With a nod to the ‘kitchen-sink dramas’ of the 1960s, Here is set in a dreary kitchen somewhere in the West Midlands, a setting for family arguments and grudges of its four members. We encounter the likeable Matt, a drifter back from his wanderings on a visit to his alcoholic aunt Monica, her long-suffering boyfriend and daughter. His intention is to record the ghosts of the house where his grandparents lived. Coming from the Midlands, I totally understood the conversations of this family life. The cultural references are right on message – this is a life of crisps and chicken Kiev and Carnation milk with tinned peaches.
Matt is welcomed by the family and he also offers them a new perspective, yet the house is haunted by previous relationships and irreparable harms. All the family have problems: Monica hates her job and thinks she’s past her sell-by date. Her explosive passion is frightening, though not to her husband and daughter who have seen it all before. Jeff, the gentle husband has a gambling problem. Monica’s daughter Jess feels she fails at everything, her lesbian relationship falling apart, ‘I feel like I’m edges. Like, I can feel my whole outline but there’s nothing else, nothing in the middle.’ In between and around their arguments, Matt records the sounds of the house when no-one is speaking, and plays them back again and again in attempts to hear the murmur of the past. He says, ‘There’s something about this house, something here. Something in the walls. Its bones. Like DNA.’ He is looking for something, but I never really found out what that was.
Sam Baker-Jones in his professional stage debut excels as the friendly, talkative, youthful slacker Matt. He leads the show. Lucy Benjamin gives it her all as the argumentative Monica just holding it together. Hannah Millard, as Jess, pulls off a seemingly indifferent daughter who really just wants her mother to open up. Mark Frost plays vulnerable so well, we all feel sorry for him.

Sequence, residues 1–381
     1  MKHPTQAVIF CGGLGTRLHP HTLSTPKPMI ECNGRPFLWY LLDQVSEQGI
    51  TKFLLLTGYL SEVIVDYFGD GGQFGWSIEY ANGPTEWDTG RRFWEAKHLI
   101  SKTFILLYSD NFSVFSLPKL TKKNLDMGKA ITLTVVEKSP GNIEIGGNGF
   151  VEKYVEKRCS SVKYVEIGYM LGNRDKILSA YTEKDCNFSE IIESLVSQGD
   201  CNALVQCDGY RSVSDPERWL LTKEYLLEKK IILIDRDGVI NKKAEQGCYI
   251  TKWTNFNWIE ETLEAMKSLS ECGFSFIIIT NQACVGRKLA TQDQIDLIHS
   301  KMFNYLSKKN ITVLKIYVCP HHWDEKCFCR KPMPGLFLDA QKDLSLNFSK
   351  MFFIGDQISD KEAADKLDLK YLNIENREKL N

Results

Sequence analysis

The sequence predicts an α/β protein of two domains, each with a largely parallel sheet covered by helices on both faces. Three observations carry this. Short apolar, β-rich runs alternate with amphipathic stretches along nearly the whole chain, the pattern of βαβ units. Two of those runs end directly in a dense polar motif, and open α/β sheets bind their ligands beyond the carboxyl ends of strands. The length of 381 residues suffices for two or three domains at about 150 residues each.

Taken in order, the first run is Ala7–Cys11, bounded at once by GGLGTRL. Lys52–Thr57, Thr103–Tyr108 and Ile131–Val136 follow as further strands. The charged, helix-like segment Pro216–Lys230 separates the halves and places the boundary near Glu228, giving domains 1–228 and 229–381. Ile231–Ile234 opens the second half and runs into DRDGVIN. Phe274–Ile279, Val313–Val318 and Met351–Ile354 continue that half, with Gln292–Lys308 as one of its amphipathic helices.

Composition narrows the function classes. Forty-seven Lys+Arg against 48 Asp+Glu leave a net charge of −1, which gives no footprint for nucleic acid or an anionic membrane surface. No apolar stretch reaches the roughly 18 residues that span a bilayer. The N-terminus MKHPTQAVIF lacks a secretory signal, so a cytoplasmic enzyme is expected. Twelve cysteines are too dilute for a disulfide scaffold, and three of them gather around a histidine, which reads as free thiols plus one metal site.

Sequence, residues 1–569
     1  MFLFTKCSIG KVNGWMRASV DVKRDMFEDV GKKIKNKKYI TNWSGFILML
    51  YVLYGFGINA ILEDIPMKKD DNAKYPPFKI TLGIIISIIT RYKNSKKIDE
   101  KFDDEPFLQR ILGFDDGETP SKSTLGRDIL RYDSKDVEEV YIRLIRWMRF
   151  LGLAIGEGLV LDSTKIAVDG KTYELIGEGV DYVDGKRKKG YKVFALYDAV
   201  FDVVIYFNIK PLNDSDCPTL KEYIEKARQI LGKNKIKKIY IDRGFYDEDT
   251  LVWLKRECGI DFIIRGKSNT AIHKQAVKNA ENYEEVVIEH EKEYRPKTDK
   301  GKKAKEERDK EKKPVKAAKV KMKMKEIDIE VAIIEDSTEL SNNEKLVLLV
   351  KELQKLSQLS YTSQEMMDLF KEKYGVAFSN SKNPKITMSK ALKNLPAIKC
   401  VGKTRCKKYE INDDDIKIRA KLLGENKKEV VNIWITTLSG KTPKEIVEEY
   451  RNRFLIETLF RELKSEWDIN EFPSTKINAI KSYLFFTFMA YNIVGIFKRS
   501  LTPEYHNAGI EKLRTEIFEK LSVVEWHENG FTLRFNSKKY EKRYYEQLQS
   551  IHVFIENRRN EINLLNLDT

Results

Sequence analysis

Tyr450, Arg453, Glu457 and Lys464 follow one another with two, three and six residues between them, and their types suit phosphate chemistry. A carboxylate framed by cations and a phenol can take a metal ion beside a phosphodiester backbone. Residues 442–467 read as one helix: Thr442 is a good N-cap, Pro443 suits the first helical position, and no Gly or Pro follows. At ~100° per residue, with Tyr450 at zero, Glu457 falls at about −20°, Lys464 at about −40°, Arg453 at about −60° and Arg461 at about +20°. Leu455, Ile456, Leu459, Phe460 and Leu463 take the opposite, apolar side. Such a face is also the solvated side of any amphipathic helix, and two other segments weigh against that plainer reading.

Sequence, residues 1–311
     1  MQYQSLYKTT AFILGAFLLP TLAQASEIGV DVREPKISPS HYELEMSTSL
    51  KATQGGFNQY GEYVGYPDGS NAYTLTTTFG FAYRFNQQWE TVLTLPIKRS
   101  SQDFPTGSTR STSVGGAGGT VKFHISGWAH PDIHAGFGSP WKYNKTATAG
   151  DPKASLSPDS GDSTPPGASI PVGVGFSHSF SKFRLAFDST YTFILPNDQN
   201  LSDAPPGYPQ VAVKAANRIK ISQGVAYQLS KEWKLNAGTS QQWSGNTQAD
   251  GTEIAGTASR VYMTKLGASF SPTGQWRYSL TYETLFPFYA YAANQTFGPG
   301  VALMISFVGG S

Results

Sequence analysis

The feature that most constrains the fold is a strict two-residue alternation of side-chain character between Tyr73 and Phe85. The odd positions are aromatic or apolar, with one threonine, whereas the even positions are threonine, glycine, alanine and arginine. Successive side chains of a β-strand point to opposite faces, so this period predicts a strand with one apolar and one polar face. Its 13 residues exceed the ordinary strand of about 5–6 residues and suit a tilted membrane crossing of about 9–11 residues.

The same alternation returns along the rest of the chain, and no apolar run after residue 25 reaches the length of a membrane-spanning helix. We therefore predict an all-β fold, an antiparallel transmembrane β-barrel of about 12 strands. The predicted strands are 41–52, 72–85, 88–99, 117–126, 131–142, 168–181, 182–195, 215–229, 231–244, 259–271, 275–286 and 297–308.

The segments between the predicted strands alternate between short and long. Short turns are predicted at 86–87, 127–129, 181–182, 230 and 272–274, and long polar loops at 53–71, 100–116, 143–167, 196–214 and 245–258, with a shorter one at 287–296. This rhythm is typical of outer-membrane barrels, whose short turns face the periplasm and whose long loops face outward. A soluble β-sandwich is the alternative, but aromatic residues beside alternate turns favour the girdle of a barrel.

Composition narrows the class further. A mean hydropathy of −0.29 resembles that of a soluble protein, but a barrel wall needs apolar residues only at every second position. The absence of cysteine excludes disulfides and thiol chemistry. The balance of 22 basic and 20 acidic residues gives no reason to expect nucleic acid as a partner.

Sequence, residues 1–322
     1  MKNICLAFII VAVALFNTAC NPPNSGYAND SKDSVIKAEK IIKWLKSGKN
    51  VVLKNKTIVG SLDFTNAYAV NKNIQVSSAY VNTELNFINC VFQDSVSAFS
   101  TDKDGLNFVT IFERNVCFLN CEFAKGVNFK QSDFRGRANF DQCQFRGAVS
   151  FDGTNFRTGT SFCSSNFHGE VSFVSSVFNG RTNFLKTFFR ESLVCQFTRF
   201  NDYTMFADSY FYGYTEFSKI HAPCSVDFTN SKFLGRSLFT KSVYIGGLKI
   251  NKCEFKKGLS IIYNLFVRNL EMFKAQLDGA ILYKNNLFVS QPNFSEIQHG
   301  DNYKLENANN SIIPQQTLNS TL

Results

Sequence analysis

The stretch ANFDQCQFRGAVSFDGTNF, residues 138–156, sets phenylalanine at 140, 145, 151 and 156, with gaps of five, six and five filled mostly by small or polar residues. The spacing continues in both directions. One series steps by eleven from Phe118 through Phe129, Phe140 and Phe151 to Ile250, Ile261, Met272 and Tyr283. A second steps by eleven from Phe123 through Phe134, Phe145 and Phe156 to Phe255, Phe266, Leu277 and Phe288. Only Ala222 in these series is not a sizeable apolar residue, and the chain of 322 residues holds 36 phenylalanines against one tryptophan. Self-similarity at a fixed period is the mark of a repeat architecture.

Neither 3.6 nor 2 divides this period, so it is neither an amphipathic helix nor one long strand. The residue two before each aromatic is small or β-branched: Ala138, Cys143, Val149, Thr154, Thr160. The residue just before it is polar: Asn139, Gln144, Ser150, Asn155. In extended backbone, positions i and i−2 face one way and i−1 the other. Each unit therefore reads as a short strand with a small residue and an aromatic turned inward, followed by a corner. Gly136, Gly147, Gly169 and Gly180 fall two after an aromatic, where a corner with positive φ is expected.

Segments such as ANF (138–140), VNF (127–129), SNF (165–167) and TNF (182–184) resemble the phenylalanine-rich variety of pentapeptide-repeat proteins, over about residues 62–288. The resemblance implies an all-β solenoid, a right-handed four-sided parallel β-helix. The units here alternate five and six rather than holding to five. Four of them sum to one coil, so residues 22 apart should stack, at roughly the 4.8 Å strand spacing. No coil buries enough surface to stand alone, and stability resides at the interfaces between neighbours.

In a challenging piece of set design, the play is performed behind white sheets of gauze on all three sides facing the audience making up the walls of the house. The gauze symbolises the divisions both between people, and between the present and the past, a barrier through which things can be seen but never fully realised. It is an understandable conceit, but it became irritating and no replacement for the use of dialogue to convey the same message. It simply makes the experience of watching seem ‘foggy’.
Here, by first-timer Clive Judd, is the winner of the Papatango New Writing Prize. It recalls family dramas like those of Eugene O’Neill and Chekhov where characters talk over each other and run on their own tracks. They are all too familiar with the same patterns of speech and the same obsessions, half-remembered family stories about inconsequential encounters with a fish or a shop assistant. This family lives a life of hidden things – the mobile phone in the freezer, the alcohol in a tea towel under the sink behind the Jif. The dialogue is spot on for the Midlands, though the accents of a couple of the actors slipped.
We understand Jeff’s relationship with sound, but what is it about the water – drinking water (‘Great water, this’) and insisting on both a bath and a shower? The symbols seem insufficiently digested, perhaps to foreshadow secrets which are never properly resolved. Is Matt looking for his mother or has he really spoken to her recently? Who is Jess’s father? What are the ‘dark rooms, strangers, shadows’ of Monica’s life?
The questions arise but the play does not contain the resolutions, nor does the central metaphor, of the listening house which remembers all, point towards a solution.
- Playwright: Clive Judd
- Director: George Turvey
- Cast: Sam Baker-Jones, Hannah Millward, Lucy Benjamin, Mark Frost
- https://www.southwarkplayhouse.co.uk/Southwark Playhouse
- Performance Dates: 11 November - 3 December 2022
- Running Time: 2 hours 30 minutes